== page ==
Color Complex

Apparently, if you’re a  light-skinned black woman in Detroit, you can get into a nightclub for free. At least that’s what one promoter decided, to the dismay of thousands of darker-hued black women in the Motor City.

Ulysses Barnes, a DJ and promoter in Detroit, had scheduled a “Light Skin Libra Birthday Bash” this month. All light-skinned women would get in for free, while every other shade had to pay. Barnes says the skin color-themed party would be the first of many. A “Sexy Chocolate” and “Sexy Caramel” party were to follow.

Though Barnes decided to cancel the party after he was flooded with negative responses, his party idea has once again brought up a debate in the black community about skin color preferences.

These color preferences date back to slavery, when fairer-skinned slaves were allowed to work inside the home, while darker slaves belabored in the fields of the plantation. Centuries later, that bias still lingers. It’s seen in music videos, where a white chocolate femme fatale is usually the object of affection for a male superstar, and in numerous magazines that feature light-skinned, silky haired African-Americans.

Deborah Douglas, a writer for the Chicago Sun-Times, reported on just how deep-seated the color bias is among African-Americans:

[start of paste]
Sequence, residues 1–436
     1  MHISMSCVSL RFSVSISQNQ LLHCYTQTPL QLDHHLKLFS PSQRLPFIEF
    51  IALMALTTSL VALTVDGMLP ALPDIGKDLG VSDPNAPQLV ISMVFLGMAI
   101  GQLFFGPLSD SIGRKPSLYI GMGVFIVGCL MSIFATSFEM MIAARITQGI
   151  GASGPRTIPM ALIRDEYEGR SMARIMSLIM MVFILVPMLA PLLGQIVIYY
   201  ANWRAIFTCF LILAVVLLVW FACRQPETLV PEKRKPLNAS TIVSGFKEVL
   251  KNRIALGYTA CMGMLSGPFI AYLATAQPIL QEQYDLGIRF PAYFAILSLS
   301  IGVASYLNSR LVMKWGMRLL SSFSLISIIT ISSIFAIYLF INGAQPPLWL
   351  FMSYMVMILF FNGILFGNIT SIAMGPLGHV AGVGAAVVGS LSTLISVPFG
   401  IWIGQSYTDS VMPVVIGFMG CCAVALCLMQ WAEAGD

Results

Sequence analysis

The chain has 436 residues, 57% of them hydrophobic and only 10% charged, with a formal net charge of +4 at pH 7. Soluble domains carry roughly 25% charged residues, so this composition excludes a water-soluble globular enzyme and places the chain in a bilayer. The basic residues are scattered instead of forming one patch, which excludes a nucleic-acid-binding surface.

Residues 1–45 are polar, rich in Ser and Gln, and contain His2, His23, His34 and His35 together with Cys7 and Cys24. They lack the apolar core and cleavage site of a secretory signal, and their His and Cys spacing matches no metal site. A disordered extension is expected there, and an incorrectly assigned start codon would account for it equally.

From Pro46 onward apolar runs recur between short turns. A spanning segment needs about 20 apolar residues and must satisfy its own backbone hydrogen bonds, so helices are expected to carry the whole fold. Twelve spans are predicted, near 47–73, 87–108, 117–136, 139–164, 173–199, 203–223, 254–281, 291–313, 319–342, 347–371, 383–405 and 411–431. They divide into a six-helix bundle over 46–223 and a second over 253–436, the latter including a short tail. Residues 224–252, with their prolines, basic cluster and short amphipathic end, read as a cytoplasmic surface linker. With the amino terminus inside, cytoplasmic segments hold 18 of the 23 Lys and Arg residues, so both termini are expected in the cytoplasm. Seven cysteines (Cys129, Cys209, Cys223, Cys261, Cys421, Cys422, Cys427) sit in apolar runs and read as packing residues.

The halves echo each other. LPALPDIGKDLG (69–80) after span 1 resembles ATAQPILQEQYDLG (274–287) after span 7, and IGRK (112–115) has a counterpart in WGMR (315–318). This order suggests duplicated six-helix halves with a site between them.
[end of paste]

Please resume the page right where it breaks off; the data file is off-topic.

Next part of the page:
Lighter-skinned “sistas” often complain they’re unfairly treated by darker-skinned black women because they have some perceived light-skinned privilege. Myriad dark-skinned black women can relate anecdotes detailing slights and rejection by men or other black women because of their natural hue. For both groups, these feelings of rejection can last a lifetime, making us second-guess our self-worth, overcompensate or be just plain evil sometimes.

But the color complex goes beyond superficiality. Studies have shown that employers are more likely to hire light-skinned African-Americans. A 2006 study done by a Ph.D candidate at the University of Georgia showed light-skinned African-American men and women were preferred over their darker counterparts. The study placed the photos and resumes of blacks with the same credentials before a panel of white men and women. The panel overwhelmingly favored the fairer-skinned candidates.

The Sun-Times’ Douglas, who is a dark-skin black woman, said enough is enough. It’s time to break the color ceiling:

If anybody wonders if these are the musings of a bitter black girl, the answer is yes, so save your letters and e-mails. Just know that spending a lifetime of having my own people discount my brains and beauty because I’m packaged in dark wrapping doesn’t negate my point. We don’t put up with this nonsense when other groups of people are involved. We shouldn’t put up with it now.


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